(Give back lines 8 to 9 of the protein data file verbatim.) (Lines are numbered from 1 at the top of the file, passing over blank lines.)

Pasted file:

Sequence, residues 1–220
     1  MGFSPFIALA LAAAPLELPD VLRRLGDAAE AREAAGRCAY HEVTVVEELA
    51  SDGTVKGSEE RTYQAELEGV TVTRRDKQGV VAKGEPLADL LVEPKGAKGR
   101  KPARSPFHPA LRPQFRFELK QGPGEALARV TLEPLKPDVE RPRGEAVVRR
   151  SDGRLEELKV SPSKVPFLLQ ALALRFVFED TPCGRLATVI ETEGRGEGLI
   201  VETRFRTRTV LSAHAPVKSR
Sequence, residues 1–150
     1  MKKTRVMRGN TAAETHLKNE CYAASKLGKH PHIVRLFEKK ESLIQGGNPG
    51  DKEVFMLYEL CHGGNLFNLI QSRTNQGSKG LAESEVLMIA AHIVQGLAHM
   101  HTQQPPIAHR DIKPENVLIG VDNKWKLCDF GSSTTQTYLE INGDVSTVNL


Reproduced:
     1  MKKTRVMRGN TAAETHLKNE CYAASKLGKH PHIVRLFEKK ESLIQGGNPG
    51  DKEVFMLYEL CHGGNLFNLI QSRTNQGSKG LAESEVLMIA AHIVQGLAHM